Sun shines on Laughton Ploughing Match

Ploughing match, Alciston
Ploughing match, Alciston

ALCISTON Court proved to be a fantastic site for the Annual Ploughing Match of Laughton and District Agricultural Society.

The panoramic views, lovely sunny weather, the good ploughing by both tractors and horses, and the camaraderie around the site added up to a great day out for everybody.

Entries for the ploughing came from far and wide. The Joseph Harper Trophy for the Champion Ploughman of the day was won by Graham Piper, from Portslade, who also collected the Lower Barn Trophy. Graham was using an International B275 Tractor and Ransome TS59 Plough.

The reserve Champion Ploughman was Chris Fryer, from Brede, near Rye, who received the George Coleman Trophy.

This year’s event saw one ploughman under 21 competing from Plumpton College. Society Chairman Duncan Ellis commented: “We all must continue to encourage young people to enter our ploughing competitions as they are the future of the Society and the farming industry.”

Other results: Class 1 – Tractor & Trailer Plough – open – two furrows or more, K E Hammant; Class 2 – Tractor & Vintage Mounted Plough – open – tractor and plough pre 1960 – two furrows or more, G Piper; Class 2a - Special class or Ferguson Tractors and Ploughs – open – Tractor and vintage mounted plough – tractor and plough pre 1960 – two furrows or more, R Cottington.

Class 3 - Tractor & Mounted Plough – open – two furrows or more, C Fryer; Class 4 - Tractor & Reversible Plough – open – two furrows or more, A Clark; Class 5 – Tractor & reversible Plough – local – two furrows or more, M Butler.

Class 6 – Classic Mounted Class – tractors from 1960 to 1976, I Linch; Class 7 – Special Class for persons under 21, T Hill; Class 9 – Best Maintained Tractor and Plough built pre 1960, C Turner; Class 10 – Best Maintained Tractor and Plough built 1960 onwards, I Linch; Class 11 – Horse Ploughing, G Winter.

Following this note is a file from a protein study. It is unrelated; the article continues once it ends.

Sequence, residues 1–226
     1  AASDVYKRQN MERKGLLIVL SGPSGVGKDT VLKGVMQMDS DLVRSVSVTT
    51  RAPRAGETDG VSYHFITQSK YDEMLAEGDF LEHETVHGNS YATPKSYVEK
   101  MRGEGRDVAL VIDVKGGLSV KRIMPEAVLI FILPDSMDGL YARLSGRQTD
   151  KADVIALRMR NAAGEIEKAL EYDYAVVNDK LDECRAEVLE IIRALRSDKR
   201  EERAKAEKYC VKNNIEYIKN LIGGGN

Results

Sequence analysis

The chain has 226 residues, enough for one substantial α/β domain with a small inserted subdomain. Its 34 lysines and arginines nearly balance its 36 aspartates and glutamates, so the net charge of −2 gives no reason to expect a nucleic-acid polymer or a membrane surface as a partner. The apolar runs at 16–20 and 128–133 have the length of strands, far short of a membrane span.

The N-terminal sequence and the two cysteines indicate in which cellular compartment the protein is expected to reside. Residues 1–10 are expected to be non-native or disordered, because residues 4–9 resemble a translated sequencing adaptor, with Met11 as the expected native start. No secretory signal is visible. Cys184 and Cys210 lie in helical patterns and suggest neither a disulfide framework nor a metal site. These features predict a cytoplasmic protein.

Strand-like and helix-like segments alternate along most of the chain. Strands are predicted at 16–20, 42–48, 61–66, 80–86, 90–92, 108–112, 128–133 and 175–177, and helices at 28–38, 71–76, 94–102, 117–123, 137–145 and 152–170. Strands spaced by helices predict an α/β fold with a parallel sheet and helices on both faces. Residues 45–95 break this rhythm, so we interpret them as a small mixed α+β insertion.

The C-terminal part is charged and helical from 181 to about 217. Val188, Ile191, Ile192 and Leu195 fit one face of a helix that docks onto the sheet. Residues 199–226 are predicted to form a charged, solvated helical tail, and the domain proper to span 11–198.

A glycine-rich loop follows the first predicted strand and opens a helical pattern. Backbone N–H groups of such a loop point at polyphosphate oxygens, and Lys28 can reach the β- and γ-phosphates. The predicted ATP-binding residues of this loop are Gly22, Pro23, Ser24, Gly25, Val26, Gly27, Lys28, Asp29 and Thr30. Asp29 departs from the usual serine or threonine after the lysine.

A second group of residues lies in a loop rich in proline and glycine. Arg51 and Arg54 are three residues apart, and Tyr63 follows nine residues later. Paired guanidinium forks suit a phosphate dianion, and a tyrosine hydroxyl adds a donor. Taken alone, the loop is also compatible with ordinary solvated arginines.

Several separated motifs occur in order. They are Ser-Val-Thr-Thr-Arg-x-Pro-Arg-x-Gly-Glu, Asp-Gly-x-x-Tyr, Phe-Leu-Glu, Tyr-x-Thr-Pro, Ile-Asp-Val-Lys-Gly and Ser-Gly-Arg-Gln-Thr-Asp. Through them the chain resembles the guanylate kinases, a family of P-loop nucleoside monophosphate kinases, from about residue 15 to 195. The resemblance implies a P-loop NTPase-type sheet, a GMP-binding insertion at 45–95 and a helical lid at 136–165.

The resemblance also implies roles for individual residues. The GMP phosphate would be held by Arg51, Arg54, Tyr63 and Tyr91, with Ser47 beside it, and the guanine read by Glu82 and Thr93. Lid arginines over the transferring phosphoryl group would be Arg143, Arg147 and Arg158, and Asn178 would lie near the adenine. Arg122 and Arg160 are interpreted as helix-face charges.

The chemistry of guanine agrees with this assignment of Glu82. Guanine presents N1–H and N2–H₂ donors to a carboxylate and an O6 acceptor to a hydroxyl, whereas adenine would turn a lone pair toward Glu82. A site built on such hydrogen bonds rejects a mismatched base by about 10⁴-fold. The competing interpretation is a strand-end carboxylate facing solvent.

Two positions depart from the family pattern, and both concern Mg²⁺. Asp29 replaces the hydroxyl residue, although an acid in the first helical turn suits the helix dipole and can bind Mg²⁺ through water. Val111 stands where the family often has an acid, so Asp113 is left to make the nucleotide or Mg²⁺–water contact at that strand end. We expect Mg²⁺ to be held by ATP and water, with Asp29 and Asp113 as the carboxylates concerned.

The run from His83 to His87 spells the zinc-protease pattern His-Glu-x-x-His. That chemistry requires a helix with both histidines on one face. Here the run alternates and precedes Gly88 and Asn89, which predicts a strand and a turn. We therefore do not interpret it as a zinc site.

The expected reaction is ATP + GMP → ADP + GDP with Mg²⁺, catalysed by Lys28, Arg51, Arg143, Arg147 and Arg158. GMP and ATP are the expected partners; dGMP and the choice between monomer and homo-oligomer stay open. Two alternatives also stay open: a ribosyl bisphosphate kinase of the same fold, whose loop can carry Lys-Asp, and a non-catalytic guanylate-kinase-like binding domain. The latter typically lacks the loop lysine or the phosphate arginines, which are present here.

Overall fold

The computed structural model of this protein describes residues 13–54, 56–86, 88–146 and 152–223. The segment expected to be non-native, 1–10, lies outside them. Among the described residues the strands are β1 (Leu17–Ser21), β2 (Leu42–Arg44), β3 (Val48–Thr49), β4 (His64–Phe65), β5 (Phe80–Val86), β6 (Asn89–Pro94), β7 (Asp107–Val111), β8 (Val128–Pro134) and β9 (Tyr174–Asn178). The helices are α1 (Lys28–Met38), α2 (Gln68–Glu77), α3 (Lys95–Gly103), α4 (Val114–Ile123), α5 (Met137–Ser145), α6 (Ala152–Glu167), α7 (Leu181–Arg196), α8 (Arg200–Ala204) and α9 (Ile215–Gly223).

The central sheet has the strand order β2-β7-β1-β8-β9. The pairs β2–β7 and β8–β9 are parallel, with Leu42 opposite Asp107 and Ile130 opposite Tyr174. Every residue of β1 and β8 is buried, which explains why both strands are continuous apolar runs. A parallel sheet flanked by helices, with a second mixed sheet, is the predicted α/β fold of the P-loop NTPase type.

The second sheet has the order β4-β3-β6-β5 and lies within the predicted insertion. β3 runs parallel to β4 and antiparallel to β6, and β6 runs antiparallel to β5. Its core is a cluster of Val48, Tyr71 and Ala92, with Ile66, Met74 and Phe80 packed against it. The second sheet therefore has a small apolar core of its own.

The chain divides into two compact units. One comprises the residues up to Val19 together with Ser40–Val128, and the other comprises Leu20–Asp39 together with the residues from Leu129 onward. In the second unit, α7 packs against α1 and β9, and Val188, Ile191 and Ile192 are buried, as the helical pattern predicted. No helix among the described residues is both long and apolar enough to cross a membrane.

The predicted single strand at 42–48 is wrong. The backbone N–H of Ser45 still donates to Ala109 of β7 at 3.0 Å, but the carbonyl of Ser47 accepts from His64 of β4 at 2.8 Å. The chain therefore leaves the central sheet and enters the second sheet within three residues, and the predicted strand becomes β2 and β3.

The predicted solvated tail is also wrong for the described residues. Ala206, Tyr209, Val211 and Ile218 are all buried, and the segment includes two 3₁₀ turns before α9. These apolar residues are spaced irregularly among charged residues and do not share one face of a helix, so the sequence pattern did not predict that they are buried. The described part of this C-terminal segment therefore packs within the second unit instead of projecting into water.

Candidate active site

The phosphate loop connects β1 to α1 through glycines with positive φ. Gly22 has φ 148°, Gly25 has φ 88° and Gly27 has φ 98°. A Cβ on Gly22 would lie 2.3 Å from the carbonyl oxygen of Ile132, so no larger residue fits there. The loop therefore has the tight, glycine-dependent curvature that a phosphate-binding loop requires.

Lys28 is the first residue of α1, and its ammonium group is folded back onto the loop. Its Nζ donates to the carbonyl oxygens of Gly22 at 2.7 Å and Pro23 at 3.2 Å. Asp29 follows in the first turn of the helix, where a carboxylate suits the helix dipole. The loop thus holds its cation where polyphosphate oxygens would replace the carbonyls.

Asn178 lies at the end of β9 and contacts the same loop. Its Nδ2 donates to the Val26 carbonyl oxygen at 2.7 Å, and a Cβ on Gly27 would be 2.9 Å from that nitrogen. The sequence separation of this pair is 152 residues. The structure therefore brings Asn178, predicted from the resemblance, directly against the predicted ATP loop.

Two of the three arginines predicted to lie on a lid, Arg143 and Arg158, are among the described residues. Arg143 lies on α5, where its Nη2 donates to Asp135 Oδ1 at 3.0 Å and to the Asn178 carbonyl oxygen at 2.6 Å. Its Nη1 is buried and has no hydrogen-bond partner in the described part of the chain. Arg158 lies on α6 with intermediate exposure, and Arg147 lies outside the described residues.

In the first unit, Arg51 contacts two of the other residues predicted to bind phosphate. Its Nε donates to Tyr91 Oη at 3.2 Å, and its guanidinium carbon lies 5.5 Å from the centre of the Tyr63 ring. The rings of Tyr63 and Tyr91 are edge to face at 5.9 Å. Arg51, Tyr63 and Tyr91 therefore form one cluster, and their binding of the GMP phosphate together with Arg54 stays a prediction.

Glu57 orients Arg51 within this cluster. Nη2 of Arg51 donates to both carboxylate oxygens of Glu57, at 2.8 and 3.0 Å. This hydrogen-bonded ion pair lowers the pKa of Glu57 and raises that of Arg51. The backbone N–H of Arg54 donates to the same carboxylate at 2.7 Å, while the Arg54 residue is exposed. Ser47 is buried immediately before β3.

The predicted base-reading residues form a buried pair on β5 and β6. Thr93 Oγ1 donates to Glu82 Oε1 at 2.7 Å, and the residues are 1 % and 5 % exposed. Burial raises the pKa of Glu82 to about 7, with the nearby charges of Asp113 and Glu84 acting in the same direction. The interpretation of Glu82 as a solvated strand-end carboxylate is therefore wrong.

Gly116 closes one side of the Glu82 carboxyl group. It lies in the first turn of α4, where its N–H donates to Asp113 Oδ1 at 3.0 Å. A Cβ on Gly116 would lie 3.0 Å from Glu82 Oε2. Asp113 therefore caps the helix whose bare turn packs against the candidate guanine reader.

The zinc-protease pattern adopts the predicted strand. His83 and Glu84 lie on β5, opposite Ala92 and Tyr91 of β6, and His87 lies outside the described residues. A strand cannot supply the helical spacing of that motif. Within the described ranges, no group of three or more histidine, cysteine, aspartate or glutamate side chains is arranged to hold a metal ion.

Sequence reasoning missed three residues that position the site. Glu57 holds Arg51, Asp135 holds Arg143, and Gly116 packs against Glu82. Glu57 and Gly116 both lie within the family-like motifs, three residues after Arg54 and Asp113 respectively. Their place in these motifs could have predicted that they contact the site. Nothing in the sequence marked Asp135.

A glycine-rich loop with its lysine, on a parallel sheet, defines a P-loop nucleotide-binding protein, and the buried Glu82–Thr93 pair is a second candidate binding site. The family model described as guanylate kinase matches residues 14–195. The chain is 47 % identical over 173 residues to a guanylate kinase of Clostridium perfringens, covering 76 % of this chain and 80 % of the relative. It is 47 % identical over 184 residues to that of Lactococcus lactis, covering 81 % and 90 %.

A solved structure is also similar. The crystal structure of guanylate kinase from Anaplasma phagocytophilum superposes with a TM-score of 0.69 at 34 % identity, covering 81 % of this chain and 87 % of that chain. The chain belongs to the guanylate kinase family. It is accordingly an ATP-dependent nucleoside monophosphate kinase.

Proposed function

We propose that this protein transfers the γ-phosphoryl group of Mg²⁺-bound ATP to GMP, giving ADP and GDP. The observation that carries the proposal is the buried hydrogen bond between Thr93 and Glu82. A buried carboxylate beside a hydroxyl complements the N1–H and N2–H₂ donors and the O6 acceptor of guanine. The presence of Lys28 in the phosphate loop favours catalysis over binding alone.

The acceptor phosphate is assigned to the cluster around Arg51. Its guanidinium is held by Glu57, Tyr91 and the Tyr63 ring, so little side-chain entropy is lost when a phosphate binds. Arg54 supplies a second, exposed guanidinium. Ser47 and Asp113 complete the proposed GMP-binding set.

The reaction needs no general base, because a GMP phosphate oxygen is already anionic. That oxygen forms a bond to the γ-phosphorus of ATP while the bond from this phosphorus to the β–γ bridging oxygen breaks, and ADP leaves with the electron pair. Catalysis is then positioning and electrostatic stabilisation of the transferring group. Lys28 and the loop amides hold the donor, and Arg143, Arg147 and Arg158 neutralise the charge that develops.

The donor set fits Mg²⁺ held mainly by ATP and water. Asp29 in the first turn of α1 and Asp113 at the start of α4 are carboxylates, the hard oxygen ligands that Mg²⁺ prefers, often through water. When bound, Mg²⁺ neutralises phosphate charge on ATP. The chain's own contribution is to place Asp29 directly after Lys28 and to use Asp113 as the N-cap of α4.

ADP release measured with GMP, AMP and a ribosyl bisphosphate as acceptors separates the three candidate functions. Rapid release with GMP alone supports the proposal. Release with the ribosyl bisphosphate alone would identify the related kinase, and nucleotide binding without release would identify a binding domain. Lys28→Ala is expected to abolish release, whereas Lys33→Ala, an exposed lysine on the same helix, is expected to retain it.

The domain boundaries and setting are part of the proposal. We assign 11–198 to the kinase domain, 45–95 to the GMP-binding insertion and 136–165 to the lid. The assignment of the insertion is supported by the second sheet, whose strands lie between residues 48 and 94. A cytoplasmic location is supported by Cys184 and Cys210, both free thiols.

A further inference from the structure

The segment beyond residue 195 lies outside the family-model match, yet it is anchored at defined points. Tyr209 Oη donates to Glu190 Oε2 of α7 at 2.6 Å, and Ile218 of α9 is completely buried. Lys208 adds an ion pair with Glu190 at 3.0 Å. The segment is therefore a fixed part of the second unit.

Many of the dealers who supply the agricultural industry with machinery, together feed firms, insurance and estate agents, attended the event to meet customers and exhibit their goods and services.

The Society’s education section, now into its third year, invited primary schools within the vicinity of the Alciston Court to learn about the countryside, with many hands on activities. This year the whole of Firle Primary School attended.

The activities included planting seeds, a tractor ride, grinding of wheat, making corn dollies and learning all about eggs - including an ostrich egg. This section of the day was organised by Mrs Liz Rea, from Ashcombe Farm, Lewes, together with many other helpers.

The ever-popular family section attracted competitors who had been busy cooking, painting and sewing their entries for the craft competitions as well as flower arranging. Firle Primary School and Ringmer and Lewes Young Farmers’ Club also entered many of the classes.

The whole day and year was rounded off with the Annual Dinner at Glyndebourne by kind permission of Gus Christie. There was a full house to listen to guest speaker Julian Sayers, Chairman of The Royal Agricultural Benevolent Institution (RABI).

He described the important work of RABI as a grant-making charity that supports members of the farming community facing need, hardship or distress.

The dinner saw the presentation of many of the Society’s trophies, including the Golden Jubilee Trophy for farmers with more than 501 acres and the Yeoman Trophy for farmers under 500 acres.

Both trophies are for the most points in all the Society’s Competitions throughout the year. The former was won by Jeremy Courtney, from East Hoathly, and the latter by Andrew Barr, of Firle.